Sex, money, drugs and violence. When you hear those four words, what is the first thing that comes to your mind? Many people would say they think of rap or hip hop. Today, rap music is constantly mistaken for valuing the destruction of communities by promoting images of “the thug life”. However, the hip hop culture can have a positive impact on society. What many people seem to miss is that the culture is meant to express and not repress. Generally speaking, talent is a key importance in rapping. However, the power to address viewers of ethical conflicts in our environment through music should be considered more important than talent. Artists such as Tupac Shakur use music to educate his audience of the specific cultural barriers which negatively impact black communities. In addition, Dr. Dre was influenced by Tupac and began to inspire other artists, such as Nas. These three rappers used their music as a positive influence by teaching their audience that only they can make the world a better place. …show more content…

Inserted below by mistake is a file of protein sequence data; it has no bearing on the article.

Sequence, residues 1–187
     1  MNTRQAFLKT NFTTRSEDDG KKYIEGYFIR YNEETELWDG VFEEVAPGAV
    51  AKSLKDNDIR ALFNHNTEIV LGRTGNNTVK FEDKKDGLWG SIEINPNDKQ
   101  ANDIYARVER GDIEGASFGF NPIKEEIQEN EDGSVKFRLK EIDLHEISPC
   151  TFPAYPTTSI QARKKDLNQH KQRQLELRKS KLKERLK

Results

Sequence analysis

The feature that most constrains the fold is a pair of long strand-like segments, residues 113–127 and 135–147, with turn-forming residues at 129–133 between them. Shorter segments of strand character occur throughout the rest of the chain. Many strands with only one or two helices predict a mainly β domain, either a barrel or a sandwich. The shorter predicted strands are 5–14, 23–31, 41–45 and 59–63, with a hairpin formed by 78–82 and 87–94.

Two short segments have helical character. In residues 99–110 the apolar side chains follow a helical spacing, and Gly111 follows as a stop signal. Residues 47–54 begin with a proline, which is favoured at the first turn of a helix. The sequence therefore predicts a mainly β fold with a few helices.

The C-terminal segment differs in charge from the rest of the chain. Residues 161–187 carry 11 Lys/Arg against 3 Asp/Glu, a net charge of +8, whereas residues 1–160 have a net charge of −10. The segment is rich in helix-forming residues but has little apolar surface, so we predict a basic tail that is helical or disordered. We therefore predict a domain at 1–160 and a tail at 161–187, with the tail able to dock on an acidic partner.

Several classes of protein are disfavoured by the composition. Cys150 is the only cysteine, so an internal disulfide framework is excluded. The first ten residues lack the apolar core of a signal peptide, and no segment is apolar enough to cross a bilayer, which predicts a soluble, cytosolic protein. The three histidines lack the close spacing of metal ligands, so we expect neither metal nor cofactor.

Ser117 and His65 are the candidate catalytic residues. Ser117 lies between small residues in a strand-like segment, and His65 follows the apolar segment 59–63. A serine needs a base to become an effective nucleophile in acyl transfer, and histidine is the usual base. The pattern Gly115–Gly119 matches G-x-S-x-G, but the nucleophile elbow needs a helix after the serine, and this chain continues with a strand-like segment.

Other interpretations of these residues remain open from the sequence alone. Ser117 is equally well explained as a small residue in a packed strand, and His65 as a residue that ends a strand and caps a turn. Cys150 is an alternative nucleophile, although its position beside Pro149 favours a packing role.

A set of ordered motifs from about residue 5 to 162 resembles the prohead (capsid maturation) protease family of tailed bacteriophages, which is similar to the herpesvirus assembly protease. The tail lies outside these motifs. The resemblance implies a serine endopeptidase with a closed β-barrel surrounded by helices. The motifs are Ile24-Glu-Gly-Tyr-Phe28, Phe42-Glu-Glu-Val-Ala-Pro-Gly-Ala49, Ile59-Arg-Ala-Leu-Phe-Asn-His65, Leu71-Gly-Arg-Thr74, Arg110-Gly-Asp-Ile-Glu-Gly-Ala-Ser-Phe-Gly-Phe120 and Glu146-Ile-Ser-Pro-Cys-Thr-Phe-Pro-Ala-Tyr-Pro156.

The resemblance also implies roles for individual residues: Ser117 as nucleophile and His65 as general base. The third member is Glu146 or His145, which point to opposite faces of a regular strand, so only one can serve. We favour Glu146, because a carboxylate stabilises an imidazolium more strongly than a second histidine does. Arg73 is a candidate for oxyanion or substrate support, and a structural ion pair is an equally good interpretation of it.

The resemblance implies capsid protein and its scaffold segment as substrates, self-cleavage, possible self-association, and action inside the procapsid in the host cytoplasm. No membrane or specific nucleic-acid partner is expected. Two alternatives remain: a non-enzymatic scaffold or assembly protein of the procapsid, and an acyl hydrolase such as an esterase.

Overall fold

Though there are quite a few songs based on hatred and anger, songs such as “i” by Kendrick Lamar and “Love Yourz” by J. Cole teach viewers to love themselves despite all the negativity in the world. As for songs regarding sexually exploiting women, there are songs that speak out against this as well. Queen Latifah’s “U.N.I.T.Y” is the perfect example of a feminist rap song, saying “I’m not your personal whore, that’s not what I’m here for”. These songs prove that there is positivity in the hip hop
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Missy Elliot, Eve, and MC Lyte all have one thing in common they all have impeccable delivery and amazing storytelling skills (Bobbitt). From MC Lyte’s song titled “Cappuccino” to Eve’s song titled “Love is Blind” they both exemplify the artists amazing storytelling skills while showcasing prominent issues the African American community such as drug abuse and domestic violence. MC Lyte impacted the music industry significantly more than just these two artists it is widespread. Many male and female artists respect what MC Lyte has done musically for Hip